Perhaps a Labour raid on capital gains tax isn’t such a bad idea
In the last few days, we have had a clear demonstration of the Labour Party’s attitude to the taxation of well-off people. First, it pledged to reverse the Chancellor’s removal of the cap on pension pots. Then came hints that it might substantially increase Capital Gains Tax (CGT) rates. If you are not that well-off, you might reasonably react by saying “so what?” But these matters are relevant to you too.
The possible raising of CGT rates elicited howls of protest from all the usual suspects, including many Conservative MPs. Allegedly, much higher rates would hammer savings and investment.
Yet Labour surely has a point. Gains are taxed at 20pc regardless of how rich the person is or how substantial the gains are. By contrast, the top rate of income tax is 45pc. People at the lower end of the income distribution typically do not have any assets on which they can make capital gains. So, a concessionary rate of tax for capital gains favours the well-off.
The present CGT rate of 20pc for higher rate taxpayers is very recent. It was brought in by the Conservative chancellor George Osborne in 2016. The previous rate was 28pc. By contrast, in 1988, that well-known socialist chancellor, Nigel Lawson, aligned the rates of CGT with rates of income tax. So the top rate of CGT became 40pc. I wonder how many of today’s outraged protesters against tax equalisation realise this.
And Nigel (now Lord) Lawson didn’t equalise income tax and CGT out of zeal to clobber the rich. On the contrary, he believed that this would boost efficiency by ending the incentive to turn income into capital gains.
This is of key relevance today. Why do so many successful small business owners sell up early? One of the reasons is that any salary, bonuses or dividends they pay themselves are taxed at 45pc, whereas if they capitalised their profits by selling the business, they would be taxed at only 20pc. Is this in the interests of society at large? Probably not.
Mind you, if income tax and CGT were equalised, to avoid adverse consequences for the economy, it would be wise to add two other measures. First, indexation should be re-introduced, under which capital gains would be adjusted for inflation so that only real gains were taxed.
Second, improved concessions could be introduced for genuine entrepreneurs. This was the idea behind the Entrepreneurs’ Relief scheme, under which a business founder would pay CGT of only 10pc on capital gains of up to £10m over their lifetime. In 2020, the scheme was renamed as Business Asset Disposal Relief and the limit was radically reduced to £1m. Admittedly, the original scheme was widely abused but it should be possible to devise a reformed scheme that met the original objective but tightened up eligibility.
Labour’s reaction to the abolition of the cap on private pension pots was extremely illuminating. It was obliged to recognise that the limit had been instrumental in persuading many senior practitioners in the NHS to retire early. So, Labour’s suggestion was to design a special scheme for such NHS practitioners to escape the cap while keeping it for everyone else. The reaction was howls of protest from other public sector professionals including senior police officers and teachers. I suppose Labour’s scheme could be extended to cover other such groups of workers deemed to be “worthy” or essential.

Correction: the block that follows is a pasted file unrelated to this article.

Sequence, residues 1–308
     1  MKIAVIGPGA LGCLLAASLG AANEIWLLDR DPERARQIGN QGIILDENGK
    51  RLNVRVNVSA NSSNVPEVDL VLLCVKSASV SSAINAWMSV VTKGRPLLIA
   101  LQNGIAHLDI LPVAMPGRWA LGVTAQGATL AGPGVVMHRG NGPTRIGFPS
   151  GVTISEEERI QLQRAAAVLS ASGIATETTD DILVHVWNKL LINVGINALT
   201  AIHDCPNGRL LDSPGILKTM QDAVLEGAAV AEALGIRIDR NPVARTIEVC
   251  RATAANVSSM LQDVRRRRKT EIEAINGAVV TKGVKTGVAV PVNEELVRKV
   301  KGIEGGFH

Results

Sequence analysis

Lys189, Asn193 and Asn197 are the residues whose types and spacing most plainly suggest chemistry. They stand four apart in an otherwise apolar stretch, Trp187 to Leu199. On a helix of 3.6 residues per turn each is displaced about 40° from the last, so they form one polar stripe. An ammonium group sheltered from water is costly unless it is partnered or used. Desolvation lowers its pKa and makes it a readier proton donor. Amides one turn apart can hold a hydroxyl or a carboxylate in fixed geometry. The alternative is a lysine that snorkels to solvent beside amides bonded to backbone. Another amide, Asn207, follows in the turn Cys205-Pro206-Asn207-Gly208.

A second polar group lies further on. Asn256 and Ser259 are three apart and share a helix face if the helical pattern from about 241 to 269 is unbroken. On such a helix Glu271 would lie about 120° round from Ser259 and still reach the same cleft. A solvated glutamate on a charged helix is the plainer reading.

But what about people in the private sector, including those who have struggled to build up a small business? Aren’t they worthy? In Labour’s pantheon of the deserving, apparently not.
This whole debate about the tax treatment of pension savings betrayed a widespread misunderstanding of the nature of the tax concession in the treatment of pensions. Essentially, pensions are treated the opposite way to PEPs (personal equity plans) and ISAs. With the latter, payments are not tax deductible, but withdrawals are not taxed. With pensions, payments into a scheme are tax deductible but the benefits are taxable.
But there is one major concession that sets pensions savings apart, namely the ability to take 25pc of a fund out tax-free. So, this means that someone can put money into a pension fund and get tax relief on that contribution and then not pay tax on 25pc of the accumulated fund at retirement.
The right approach to dealing with this is to abolish the 25pc tax-free allowance. But this is a political minefield. As it happens, as part of the reforms announced in the Budget, the Chancellor has moved to restrict the amount of money that can be taken out tax-free. Moreover, it seems likely that this limit will not be increased over time. In this way, the value of this concession will decrease gradually over time as all money values tend to rise. So, it would wither on the vine, much as happened with mortgage interest tax relief on your principal private residence until it was finally abolished. Labour would be well-advised to follow this path on pensions.
Similarly, a clever move for Labour would be to combine the equalisation of income tax and CGT with abolition of the 45pc top rate of tax. After all, Blair’s Labour government operated with a 40pc top rate, until Gordon Brown upped it to 50pc to lay a trap for the Tories. Instead, there is a reasonable chance that Labour would increase the top rate back up to 50pc.
Coming on top of other measures, including a restored cap on pension pots and the equalisation of income tax rates and CGT, this would be suicidal. The tax base has become very narrow. At present, the top 1pc of taxpayers pay some 30pc of total income tax receipts. If a significant proportion of these people left the UK for sunnier (and less taxing) climes, then the public finances would be in a real mess. Then the taxman would have to come down hard on households near you.
Roger Bootle is chairman of Capital Economics